These new-age scammers. They prey on unsuspecting folks who are trying to sell used cars (or other items) through Internet classified ads or an “autotrader" web site.
Even though this scam has been around for a few years and has been publicized in many news stories, there are still people who haven't heard about it - and are at-risk to be victimized by it.
Here's how the scam works. Note that the details can be different, but the general scheme is always the same.
- The used-car seller receives a long, polite email from a potential buyer who lives/works/travels in Africa/Europe/Asia and is interested in buying the advertised car, sight-unseen, at the asking price.
- The email sender says that he has a client/agent/partner in the U. S. who will handle pickup and shipping of the vehicle.
- The sender says that he will send a certified cashiers check or money order for the car and asks for the seller's name and mailing address.
- The check or money order arrives but the amount is greater than the cost of the car, puportedly to cover shipping costs. Seller is asked to send a cashiers check or money order to the “shipper" for the amount of the extra money.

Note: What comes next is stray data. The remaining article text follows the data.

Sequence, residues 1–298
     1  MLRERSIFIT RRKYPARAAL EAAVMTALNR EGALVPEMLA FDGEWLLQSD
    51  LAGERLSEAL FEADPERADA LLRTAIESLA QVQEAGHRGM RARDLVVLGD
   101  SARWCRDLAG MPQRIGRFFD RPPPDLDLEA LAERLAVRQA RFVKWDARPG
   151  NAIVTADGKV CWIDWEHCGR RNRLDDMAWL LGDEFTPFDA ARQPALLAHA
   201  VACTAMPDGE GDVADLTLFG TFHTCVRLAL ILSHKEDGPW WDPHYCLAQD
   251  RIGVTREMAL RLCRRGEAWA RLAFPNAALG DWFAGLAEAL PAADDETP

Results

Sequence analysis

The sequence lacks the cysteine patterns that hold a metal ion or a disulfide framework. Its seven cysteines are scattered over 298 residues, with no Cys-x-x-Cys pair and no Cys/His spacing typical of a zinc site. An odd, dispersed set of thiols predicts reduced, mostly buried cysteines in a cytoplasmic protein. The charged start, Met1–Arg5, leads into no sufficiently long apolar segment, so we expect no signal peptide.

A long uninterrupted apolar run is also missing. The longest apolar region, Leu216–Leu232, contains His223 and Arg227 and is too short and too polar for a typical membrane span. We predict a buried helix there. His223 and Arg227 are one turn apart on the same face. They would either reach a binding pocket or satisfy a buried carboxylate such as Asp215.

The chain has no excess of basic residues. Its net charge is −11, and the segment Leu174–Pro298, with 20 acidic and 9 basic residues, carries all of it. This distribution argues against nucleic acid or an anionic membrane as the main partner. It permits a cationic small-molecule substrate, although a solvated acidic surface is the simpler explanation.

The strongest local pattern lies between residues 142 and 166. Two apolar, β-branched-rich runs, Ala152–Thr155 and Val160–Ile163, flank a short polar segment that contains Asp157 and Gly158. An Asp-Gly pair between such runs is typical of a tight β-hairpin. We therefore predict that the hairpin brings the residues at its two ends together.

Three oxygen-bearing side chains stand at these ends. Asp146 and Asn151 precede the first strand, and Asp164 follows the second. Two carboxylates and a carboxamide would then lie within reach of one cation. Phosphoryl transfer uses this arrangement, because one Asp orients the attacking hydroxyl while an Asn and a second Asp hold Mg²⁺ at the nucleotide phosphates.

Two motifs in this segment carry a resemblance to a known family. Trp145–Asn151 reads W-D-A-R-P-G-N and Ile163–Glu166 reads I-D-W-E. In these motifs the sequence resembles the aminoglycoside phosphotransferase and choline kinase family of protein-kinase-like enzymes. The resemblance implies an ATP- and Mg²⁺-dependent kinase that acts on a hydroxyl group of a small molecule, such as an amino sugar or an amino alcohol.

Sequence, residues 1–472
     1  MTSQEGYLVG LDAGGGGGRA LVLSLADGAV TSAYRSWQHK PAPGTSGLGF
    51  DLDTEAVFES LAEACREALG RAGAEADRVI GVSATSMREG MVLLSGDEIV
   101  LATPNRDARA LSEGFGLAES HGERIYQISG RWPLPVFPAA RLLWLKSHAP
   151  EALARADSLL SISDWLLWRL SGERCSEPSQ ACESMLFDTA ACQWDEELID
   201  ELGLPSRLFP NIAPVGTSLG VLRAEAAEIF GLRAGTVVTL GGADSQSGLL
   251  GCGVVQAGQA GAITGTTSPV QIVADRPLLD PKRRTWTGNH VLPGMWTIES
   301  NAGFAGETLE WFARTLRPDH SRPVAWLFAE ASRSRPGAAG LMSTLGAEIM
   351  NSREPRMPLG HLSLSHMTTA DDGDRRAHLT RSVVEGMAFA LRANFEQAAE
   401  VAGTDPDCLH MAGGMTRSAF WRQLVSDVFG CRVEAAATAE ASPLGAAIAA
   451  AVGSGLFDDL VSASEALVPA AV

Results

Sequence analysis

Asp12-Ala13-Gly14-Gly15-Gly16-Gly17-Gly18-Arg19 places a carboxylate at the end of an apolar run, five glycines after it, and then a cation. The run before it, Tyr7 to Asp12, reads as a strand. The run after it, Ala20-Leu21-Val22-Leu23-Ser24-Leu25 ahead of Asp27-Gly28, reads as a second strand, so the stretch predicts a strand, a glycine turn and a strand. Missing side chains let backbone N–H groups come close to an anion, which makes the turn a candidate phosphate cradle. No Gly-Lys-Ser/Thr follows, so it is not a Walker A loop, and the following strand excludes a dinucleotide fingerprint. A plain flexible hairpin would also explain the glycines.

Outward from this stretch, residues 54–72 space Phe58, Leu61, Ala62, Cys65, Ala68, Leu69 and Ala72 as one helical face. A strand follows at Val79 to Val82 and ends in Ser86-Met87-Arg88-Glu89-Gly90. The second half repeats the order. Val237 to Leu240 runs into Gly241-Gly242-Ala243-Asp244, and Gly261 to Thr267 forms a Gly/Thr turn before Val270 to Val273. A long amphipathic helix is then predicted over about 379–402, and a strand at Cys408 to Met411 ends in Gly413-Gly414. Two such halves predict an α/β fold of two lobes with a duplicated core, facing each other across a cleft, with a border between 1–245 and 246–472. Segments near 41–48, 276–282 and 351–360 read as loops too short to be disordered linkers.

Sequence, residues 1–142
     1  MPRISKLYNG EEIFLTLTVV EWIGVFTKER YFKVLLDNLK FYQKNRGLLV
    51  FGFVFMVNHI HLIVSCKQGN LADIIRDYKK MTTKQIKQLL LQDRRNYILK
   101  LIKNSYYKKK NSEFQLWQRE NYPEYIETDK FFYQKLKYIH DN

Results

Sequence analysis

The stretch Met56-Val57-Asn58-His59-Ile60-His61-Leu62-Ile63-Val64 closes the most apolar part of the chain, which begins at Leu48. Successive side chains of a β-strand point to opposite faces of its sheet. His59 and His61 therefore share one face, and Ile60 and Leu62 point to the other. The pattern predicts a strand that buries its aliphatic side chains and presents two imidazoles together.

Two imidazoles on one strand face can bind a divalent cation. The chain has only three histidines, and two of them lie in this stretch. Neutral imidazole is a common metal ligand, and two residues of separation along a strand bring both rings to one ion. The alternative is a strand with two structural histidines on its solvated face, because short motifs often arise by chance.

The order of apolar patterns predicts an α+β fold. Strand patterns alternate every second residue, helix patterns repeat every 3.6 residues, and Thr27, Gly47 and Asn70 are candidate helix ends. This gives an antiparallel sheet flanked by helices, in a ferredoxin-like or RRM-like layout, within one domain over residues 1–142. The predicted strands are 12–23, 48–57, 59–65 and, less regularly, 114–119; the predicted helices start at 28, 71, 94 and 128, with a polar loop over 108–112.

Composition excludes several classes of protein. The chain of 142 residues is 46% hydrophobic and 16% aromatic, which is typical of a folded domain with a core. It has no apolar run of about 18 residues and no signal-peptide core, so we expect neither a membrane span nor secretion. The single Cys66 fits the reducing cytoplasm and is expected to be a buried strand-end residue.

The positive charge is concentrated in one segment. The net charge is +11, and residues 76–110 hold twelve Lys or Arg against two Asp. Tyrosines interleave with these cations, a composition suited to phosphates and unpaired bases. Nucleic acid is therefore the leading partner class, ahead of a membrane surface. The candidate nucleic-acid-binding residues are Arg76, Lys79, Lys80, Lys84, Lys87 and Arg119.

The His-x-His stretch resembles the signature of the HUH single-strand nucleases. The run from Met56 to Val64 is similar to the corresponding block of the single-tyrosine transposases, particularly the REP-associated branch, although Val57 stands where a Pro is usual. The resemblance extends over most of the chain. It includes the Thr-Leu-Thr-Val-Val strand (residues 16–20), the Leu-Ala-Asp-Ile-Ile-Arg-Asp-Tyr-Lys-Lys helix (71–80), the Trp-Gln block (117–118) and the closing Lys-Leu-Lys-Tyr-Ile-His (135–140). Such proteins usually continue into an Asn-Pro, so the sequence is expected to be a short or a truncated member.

- Seller deposits the buyer's “certified" check or money order in his bank account. The bank adds funds into the seller's account, even though the check has not cleared.
- Seller withdraws funds out of his account for certified check or money order to send (via express mail) to “shipper. "
- A few days later, the seller's bank reports that the “certified" check or money order is counterfeit and removes all the original funds previously deposited to the seller's account.
- By this time, the seller's check or money order has been cashed, funds debited from his account, and he realizes he's been duped. His account may be overdrawn. There is no way to contact the “buyer" or his agent to recover the money. The bank declares no responsibility.
- The “buyer" moves on to the next victim. The seller still has his car along with a seriously damaged bank account.
Now you know. Don't get caught in this increasingly common scam.
Al Hearn is owner and operator of Used Car Advisor , a web site for automotive consumers who want to be smart about used car buying and selling.